Griego et al. v. WCA et al.; CV 2009-10130 (New Mexico’s Second Judicial District Court)
In New Mexico, a state district court judge recently ruled that it is unconstitutional to exclude farm and ranch laborers from the New Mexico Workers’ Compensation Act (“Act”). Despite the fact that agricultural occupations are consistently ranked by the U.S. Bureau of Labor Statistics among the most dangerous occupations in the nation, New Mexico’s Act, like many other states, excluded farm and ranch laborers from mandatory coverage.
In 2009 the New Mexico Center on Law and Poverty brought a civil rights lawsuit under the New Mexico Constitution in state district court against the New Mexico Workers’ Compensation Administration, alleging that the farm and ranch laborer exclusion (“exclusion”) was an unconstitutional denial of equal protection to New Mexico’s agricultural workers. The lawsuit was filed on behalf of three dairy workers who were severely injured on New Mexican dairies in the scope and course of their employment, as well as two organizational plaintiffs who serve the New Mexican agricultural worker community. The plaintiffs sought injunctive and declaratory relief, as well as workers’ compensation coverage. They argued that the farm and ranch laborer exclusion creates a class of similarly situated individuals who are treated dissimilarly, and that this dissimilar treatment was not substantially related to an important government interest nor was there a rational basis for it.
The State provided two main justifications for the exclusion: 1) that providing workers’ compensation to farm workers would be administratively infeasible; and 2) that forcing agricultural employers to provide workers’ compensation would be economically devastating to those employers. The plaintiffs provided evidence that these purported reasons for the exclusion were not rational. In response to the first argument, plaintiffs presented evidence from several witnesses, including attorneys, insurance company representatives and state workers’ compensation agency representatives from large agricultural states, including Colorado, Arizona and California, showing that those states provide workers’ compensation to agricultural workers in the same way they cover all other workers. As to the economic impact argument, plaintiffs developed evidence to prove that the cost of covering agricultural workers would be less than 1 percent of the agricultural industry’s profit margin.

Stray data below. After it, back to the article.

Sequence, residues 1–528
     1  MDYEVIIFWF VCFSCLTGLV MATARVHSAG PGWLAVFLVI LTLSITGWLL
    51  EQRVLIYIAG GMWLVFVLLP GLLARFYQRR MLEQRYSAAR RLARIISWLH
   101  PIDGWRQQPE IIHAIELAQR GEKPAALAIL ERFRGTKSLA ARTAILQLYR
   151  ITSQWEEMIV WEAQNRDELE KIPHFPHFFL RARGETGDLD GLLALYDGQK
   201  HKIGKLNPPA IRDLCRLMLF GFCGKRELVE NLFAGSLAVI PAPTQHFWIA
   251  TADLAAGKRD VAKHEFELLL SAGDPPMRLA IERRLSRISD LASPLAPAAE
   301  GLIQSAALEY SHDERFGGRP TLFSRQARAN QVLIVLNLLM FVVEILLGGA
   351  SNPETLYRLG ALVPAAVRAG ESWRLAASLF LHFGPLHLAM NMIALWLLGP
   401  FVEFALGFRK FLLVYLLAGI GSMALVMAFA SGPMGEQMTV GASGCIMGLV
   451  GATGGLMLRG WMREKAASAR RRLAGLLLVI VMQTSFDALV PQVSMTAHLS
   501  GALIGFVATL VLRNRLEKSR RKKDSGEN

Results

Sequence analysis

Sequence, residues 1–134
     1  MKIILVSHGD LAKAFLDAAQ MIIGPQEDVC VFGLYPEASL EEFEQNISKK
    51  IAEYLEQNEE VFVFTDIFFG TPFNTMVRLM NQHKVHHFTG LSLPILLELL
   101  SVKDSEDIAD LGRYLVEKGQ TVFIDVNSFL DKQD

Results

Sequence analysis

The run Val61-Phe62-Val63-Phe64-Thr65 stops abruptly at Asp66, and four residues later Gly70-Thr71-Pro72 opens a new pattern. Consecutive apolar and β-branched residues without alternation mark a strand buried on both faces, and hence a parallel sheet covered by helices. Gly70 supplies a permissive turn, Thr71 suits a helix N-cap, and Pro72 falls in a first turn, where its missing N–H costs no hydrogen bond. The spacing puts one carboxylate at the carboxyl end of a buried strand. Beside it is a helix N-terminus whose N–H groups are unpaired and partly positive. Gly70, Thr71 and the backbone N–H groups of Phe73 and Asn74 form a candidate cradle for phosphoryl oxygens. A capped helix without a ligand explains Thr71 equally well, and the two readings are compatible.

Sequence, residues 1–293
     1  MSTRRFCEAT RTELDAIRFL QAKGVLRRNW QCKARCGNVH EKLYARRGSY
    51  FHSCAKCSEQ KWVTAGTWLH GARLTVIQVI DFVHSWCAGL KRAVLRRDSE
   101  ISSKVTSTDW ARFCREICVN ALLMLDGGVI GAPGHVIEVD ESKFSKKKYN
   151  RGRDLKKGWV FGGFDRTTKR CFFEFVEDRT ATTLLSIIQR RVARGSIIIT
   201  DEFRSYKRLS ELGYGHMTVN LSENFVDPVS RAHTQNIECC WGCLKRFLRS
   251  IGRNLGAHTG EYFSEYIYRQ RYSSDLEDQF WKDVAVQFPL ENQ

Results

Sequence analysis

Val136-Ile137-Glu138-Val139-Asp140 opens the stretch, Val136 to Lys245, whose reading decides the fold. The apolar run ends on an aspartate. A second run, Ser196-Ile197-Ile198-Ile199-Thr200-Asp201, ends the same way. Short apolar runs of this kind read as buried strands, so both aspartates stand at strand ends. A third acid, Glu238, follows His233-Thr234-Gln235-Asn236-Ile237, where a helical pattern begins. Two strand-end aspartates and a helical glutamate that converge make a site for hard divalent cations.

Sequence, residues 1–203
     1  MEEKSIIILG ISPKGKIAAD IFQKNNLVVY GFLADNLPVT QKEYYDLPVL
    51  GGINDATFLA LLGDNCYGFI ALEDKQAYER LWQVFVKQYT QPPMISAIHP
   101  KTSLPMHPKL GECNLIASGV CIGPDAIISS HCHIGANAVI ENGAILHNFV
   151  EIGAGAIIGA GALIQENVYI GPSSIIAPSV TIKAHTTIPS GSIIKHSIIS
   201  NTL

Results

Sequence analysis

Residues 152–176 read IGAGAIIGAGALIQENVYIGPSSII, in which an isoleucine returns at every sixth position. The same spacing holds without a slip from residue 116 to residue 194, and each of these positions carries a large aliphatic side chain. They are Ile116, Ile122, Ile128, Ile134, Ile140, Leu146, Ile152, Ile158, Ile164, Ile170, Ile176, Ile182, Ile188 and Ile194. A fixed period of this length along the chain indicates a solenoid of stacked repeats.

Additionally, the plaintiffs provided evidence that farm and ranch laborers are a “sensitive class” under the state equal protection clause, setting forth historical facts about the treatment of farm and ranch laborers over the past century, the retaliation they face when they complain about working conditions, and their current dangerous and difficult working conditions. Plaintiffs argued that there is no rational reason or any important government interest which justifies treating farm and ranch laborers differently from other workers for purposes of workers’ compensation and that the very purpose of the law—to get injured workers back to work quickly and efficiently—as well as the interests of the public, are best served by including farm and ranch workers in workers’ compensation.
In December of 2011, the state district court declared the exclusion unconstitutional, holding that there was no rational basis in the law for distinguishing agricultural workers from all other workers in the state. It is worth pointing out that New Mexico has a “heightened” rational basis test. Unlike in federal court, where the government simply needs to put forward a reason to justify discrimination, in New Mexico courts, the state’s purported reasons must be supported by evidence in the record. In other words, the state cannot just assert reasons for discriminating against a group; instead, the state must point to facts in the record to show that these reasons are legitimate. New Mexico’s heightened rational basis test is the reason the plaintiffs prevailed in this case.
The State has appealed whether a state district court judge has authority over the Workers’ Compensation Administration. New Mexico precedent, as well as general theories of constitutional law dating back to Marbury v. Madison, indicate that the district court does have this authority.
Agricultural exemptions from workers’ compensation laws are based on the antiquated notion that our country’s agricultural industry is made of up of small family farms. While 50 years ago this may have been the case, U.S. agriculture is now a highly industrialized industry that should have to follow the same labor laws as all other industries, particularly when their workforce is made up of low-income, vulnerable workers. The New Mexico Center on Law and Poverty hopes that this case serves as model litigation for other states who still have agricultural exclusions in their workers’ compensation statutes.
For more information please contact Maria Martinez Sanchez or Gail Evans at the New Mexico Center on Law and Poverty at (505) 255-2840.
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